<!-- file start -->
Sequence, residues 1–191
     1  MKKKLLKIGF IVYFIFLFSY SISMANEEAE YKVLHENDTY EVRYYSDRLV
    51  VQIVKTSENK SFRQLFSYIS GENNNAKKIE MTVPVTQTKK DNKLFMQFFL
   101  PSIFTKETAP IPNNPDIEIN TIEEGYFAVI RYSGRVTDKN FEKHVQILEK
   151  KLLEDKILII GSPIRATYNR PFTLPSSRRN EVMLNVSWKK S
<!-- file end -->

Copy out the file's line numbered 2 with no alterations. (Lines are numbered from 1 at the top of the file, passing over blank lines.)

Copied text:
     1  MKKKLLKIGF IVYFIFLFSY SISMANEEAE YKVLHENDTY EVRYYSDRLV